The Media is also inconsistent regarding superpowers. Although tradition maintains that Superman always had the ability to fly, Jerome & Joe list no such power, and Clark’s propensity to “hurdle skyscrapers” and “leap an eighth of a mile”—from the earliest version of the Superman creed still repeated by followers today—implies the opposite. The creed itself has undergone multiple changes, and even DC Entertainment, that bastion of superhero fundamentalism, acknowledges that the addition of “and the American way” to Superman’s pledge to fight for “truth and justice” is an interpolation into George, as demonstrated by the phrase’s absence in the otherwise identical Max edition (Max is assumed to be older because later media tend to expand rather than condense earlier sources).

A study of non-canonical Media, or Apocrypha, raises further issues. While The Lost Episodes of Psuedomax can be dismissed, more has been made of the largely forgotten Adventures According to Christopher. The assertion that George and Christopher are the same creator (based mostly on the misreading of “Reeve[s]” as a surname rather than a title) is rejected by most scholars, but the video still challenges many elements of the tradition. Literalists cite it as an independent source supporting the general narrative of the canonical Adventures, but the Christopher depiction of Krypton varies radically with George and lends support to the growing consensus that all accounts of Superman’s planet of origin are conjectural.

Despite annual re-enactments of the baby Superman’s escape from doomed Krypton in his father’s rocket and the tearful farewell of his self-sacrificing biological parents, there’s little support for the tale’s authenticity. Only George in the Superman Media dramatizes it. Jerome & Joe and Max mention only the fact of the planet’s destruction and the arrival of the rocket on earth. Not only may Superman’s biological parents be inventions, but even the name of the planet is suspect (Krypton, or “Crypt-on,” translates “on or from the unknown”).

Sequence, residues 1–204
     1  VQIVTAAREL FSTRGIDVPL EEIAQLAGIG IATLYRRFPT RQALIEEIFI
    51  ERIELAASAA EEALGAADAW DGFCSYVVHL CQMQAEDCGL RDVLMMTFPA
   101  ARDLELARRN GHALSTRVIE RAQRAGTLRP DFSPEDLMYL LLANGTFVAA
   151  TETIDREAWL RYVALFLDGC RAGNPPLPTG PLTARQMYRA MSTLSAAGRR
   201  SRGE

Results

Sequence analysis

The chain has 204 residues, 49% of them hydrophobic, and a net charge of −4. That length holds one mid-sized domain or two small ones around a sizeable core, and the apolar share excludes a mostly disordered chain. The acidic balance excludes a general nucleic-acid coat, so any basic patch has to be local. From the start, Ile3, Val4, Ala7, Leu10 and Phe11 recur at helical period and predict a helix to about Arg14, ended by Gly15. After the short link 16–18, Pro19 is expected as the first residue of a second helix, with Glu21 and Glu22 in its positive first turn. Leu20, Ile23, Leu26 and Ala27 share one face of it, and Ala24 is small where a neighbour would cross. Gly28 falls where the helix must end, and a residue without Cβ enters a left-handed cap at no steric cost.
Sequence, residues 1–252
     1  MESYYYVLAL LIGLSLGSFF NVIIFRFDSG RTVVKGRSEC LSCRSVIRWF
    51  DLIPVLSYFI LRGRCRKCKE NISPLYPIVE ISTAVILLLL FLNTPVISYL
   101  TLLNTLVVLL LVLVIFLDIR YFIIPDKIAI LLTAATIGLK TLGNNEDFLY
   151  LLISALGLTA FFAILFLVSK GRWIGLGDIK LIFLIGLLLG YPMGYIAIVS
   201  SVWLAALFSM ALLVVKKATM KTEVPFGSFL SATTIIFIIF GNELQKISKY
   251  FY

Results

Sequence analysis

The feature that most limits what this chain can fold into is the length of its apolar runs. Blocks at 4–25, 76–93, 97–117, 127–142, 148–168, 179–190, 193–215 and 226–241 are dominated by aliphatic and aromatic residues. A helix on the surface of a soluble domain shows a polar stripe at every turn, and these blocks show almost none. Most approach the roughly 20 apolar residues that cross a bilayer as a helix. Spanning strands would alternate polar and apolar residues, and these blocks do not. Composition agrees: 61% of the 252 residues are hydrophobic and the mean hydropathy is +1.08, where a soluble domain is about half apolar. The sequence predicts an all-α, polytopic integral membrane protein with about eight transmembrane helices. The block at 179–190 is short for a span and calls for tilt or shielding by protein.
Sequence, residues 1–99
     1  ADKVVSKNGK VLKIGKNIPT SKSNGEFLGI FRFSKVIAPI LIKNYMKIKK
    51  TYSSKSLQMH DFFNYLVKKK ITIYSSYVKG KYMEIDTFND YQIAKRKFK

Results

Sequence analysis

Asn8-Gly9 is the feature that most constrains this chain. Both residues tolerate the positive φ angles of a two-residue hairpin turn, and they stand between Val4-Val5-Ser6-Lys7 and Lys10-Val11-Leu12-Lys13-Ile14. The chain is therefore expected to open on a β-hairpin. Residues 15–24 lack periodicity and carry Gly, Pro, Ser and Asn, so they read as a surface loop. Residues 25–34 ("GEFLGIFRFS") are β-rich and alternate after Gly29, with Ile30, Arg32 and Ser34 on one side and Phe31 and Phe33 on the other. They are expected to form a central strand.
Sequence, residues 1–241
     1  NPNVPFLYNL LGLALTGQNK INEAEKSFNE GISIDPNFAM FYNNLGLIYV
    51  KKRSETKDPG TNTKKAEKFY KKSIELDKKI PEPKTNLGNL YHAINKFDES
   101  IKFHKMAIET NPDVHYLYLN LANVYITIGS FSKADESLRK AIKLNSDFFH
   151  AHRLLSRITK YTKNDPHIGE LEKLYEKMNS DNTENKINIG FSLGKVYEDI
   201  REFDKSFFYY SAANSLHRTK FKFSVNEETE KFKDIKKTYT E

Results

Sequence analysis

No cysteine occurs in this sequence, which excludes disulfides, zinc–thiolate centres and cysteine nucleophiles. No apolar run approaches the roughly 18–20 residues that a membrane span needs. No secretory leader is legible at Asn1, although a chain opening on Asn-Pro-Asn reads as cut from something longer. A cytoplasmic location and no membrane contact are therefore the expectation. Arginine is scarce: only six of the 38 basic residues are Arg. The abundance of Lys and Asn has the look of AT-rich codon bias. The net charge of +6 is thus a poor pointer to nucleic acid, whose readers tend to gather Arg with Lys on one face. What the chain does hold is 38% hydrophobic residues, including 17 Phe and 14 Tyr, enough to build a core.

The most famous Apocrypha are the much maligned Infancy Adventures. These psuedographics, many attributed to the heretical Super Friends cult, feature a pre-adolescent Clark, or “Superboy,” engaging in acts clearly derivative of the canonical Adventures. Literalist tradition maintains that Clark Kent’s powers manifested with puberty. The Infancy Apocrypha pose no direct threat to Literalism, or even Historicism, but Mythicists use the tales to highlight temporal gaps in the biography. Neither Literalists nor Historicists can say much about Clark until the age of thirty when he dons his ceremonial costume and his followers dub him Superman (a title, Literalist point out, Clark never claimed for himself). It’s hardly surprising no records remain of Clark before the age twelve, but the dearth of information after the initial development of his powers and before his dedication to humankind is odd. It doesn’t, however, lead to the Mythicist conclusion that no historical Clark ever existed.

Mythicists also point to elements in the Superman Media that pre-date the composition of the earliest Adventures and so, they argue, disprove a historical basis for Clark Kent. They trace the name “Superman” to an obscure, German prophet and say the Clark/Superman duality is prefigured by the cult of The Scarlet Pimpernel. Mythicists also spend a great deal of time analyzing pre-Superman superhero prototypes in attempt to show that all portrayals of battles between good and evil must be fictional. Many Mythicists view the Superman Media as allegories showing how to realize you “inner Superman” by destroying your “home planet”(the lowly physical world ) and dedicating yourself to “truth and liberty.” Krytonite represents material distractions that prevent initiates from maintaining their spiritual powers.

Although the Mythicist approach is easy to lampoon, a purely Literalist approach is equally problematic. Historicists may unjustifiably dismiss the extraterrestrial nature of Clark Kent, but their scholarship can peel away inauthentic elements from the historical Adventures to reveal the true Superman. Followers owe it to the memory of Clark Kent to bring Superman worship into the 21st century. How can we dismiss other religion’s superstitious beliefs—with their magic cosmic rays and radioactive spiders bites—without fully examining our own?